eyes looked straight into those keen blue ones that the physician's
admirers thought saw everything.

Dr. Temple considered a moment. "Come in!" he said.

Doodles followed where he led, which was into the first room beyond
the entrance.

"Sing!" was the order.

Doodles, not in the least abashed, stood where he was, in the
middle of the reception room, and began.

Soft, soft as the crooning of a mother bird, came the first notes.

"Peace...peace...peace I leave with you." Gently the music rose,
the lad's voice beautifully modulated to suit the time and place.
"My peace...my peace I give unto you:...not as the world
giveth...not as the world giveth...give I unto you. Let not your
heart be troubled...let not your heart be troubled...let not your
heart be troubled, neither let it be afraid."

The physician sat still for a moment, as if reluctant to break the
spell. Then he got up quickly. "Come!" he bade.

Doodles followed, up the velvet-covered stairs, with never the
sound of a footstep, and to the end of a wide corridor.

"Wait here, please!" Dr. Temple motioned him to a chair by the
window, and after knocking at a door disappeared behind it.

Presently he returned. "You may sing what you sang downstairs."
He went back, leaving the door ajar.

Again Doodles sang. At the end he waited, wondering if he were to
keep on.

A white-clad young woman came out of the room, smiling to him under
her pretty white cap.

"Mr. Randolph would like to have you sing some more," she said.

"The Lord is my Shepherd," "Come unto Me," "I will lift up mine
eyes," "The Lord bless thee and keep thee,"--these and others
Doodles sang, while not a sound came from the room beyond.

Then the young woman appeared again.

"Mr. Randolph says he wishes you would sing 'Old Folks at Home,'"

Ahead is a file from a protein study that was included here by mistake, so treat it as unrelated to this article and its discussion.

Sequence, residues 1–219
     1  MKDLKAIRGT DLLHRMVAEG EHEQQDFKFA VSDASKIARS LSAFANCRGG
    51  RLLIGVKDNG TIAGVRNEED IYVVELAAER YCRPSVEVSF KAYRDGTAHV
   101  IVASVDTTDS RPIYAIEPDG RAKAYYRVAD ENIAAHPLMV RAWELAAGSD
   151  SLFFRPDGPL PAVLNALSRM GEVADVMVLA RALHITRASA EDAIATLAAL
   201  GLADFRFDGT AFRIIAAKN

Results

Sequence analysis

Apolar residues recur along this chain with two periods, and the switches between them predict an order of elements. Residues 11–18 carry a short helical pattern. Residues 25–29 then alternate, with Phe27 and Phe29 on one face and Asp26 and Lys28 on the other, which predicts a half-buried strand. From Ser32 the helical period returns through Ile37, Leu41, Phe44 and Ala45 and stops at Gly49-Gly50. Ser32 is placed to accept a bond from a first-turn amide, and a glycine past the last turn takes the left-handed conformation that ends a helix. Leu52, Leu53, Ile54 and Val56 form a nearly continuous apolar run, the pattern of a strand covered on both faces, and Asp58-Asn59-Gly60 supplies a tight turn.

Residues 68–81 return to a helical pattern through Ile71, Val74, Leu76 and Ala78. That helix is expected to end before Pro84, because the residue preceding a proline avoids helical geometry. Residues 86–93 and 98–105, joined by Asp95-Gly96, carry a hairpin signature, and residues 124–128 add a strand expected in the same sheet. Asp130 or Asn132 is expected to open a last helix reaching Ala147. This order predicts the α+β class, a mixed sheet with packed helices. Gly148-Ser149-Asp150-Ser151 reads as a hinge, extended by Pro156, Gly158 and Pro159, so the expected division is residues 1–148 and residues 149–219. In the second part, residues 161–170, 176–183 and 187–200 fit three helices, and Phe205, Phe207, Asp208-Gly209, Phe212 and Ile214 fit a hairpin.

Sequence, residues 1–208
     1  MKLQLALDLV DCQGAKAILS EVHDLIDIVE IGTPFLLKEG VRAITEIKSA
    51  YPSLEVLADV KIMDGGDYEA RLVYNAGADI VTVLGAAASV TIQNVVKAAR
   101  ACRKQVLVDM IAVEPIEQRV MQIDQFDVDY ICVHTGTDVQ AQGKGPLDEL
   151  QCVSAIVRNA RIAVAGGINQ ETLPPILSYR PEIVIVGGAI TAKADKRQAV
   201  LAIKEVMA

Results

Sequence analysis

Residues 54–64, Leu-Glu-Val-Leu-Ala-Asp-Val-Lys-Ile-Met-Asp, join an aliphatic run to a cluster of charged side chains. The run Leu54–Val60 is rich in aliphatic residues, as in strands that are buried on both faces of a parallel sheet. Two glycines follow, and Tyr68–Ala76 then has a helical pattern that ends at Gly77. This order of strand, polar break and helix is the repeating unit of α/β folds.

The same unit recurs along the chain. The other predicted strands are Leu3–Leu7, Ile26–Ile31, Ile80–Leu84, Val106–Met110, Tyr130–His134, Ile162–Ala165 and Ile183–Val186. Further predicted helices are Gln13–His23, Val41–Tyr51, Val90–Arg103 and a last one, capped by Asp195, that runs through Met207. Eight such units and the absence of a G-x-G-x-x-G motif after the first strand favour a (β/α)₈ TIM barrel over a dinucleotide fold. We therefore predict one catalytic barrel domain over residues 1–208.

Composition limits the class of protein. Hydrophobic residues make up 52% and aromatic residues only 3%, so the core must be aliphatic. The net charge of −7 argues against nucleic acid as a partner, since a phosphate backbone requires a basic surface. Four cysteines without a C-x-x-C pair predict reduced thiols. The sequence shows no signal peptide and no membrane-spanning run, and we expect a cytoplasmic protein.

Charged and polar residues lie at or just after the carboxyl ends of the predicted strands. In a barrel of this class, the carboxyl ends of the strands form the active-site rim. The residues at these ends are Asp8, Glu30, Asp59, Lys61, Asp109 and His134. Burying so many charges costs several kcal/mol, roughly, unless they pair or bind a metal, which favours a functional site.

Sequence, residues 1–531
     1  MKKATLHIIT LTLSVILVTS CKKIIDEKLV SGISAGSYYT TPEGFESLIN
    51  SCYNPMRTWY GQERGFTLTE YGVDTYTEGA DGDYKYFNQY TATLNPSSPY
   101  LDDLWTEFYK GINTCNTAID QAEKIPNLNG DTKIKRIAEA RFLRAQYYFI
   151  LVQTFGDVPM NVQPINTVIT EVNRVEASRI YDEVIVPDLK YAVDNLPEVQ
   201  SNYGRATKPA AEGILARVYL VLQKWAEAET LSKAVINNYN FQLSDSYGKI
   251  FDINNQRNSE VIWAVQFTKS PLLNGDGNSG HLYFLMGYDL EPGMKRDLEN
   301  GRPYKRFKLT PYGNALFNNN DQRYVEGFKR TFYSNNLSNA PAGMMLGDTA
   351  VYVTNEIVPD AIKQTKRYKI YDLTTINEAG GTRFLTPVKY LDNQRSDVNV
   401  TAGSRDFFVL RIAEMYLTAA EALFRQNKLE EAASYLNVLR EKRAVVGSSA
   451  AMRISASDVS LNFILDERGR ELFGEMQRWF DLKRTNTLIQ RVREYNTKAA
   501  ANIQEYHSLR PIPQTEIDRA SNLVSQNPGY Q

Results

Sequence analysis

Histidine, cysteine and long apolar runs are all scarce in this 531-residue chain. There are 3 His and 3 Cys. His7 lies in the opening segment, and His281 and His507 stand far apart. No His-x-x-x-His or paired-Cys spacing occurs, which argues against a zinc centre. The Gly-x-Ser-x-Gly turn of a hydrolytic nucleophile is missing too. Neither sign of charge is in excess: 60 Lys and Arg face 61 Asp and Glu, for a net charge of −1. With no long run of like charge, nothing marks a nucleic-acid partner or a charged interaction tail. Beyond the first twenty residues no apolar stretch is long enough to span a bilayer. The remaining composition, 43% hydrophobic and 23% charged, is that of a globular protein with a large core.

she told him.

At the close of the song the nurse came to the door and beckoned
him in.

The president of the Paper Company put out a feeble hand.

"Thank you, Doodles!" he smiled. "I suppose you came all the way
from Foxford just to sing for me!"

"Oh, that isn't anything!" said the boy lightly. "I am glad to do
it, Mr. Randolph. I do hope you will get better!"

"I am better now! You have done me good, Doodles!"

"I'm so glad! May I come again?" eagerly.

"I should be mighty glad if you could! I will send my car for you
any day."

"Thank you!" The lad's face was radiant. "To-morrow?" He glanced
at Dr. Temple.

The Doctor gave him a smiling nod.

"This same time?"

"Better than the afternoon," assented the physician.

Doodles was downstairs when the nurse came out to speak to him.

"Mr. Randolph says to wait and he will have his man take you home."

So Doodles rode to Foxford in Mr. Randolph's sumptuous roadster, to
the astonishment of Blue whom he met not far from home.



Miss Sterling was not in her room. Polly had knocked and knocked.
Finally she turned away and went slowly downstairs.

"Is Miss Nita out?" she asked of Miss Sniffen in the lower hall.

"I don't know," was the answer. She did not offer to look at the
day-book on the desk.

Miss Lily came by, on her way upstairs, and said good-morning as
she passed.

Polly had reached the door, when a little cry arrested her. She
turned to see Miss Lily half kneeling on the stairs, clutching the

"Oh! are you hurt?" Polly ran up to her.

"Not much, I guess," was the tremulous answer. "I can't see, and
the stairs are so wide! I fall every day or so!"

Polly helped her up. "I'd go close to the balustrade, if I were

"Oh, no! I mustn't!" Miss Lily whispered, glancing down into the

"She's gone," said Polly softly. "Come right up here! Afraid of
scratching? 'T won't do any harm--with your soft slippers."

"She won't let me!" breathed the frightened woman.

"Oh, I guess she won't mind!" returned Polly easily. "That's what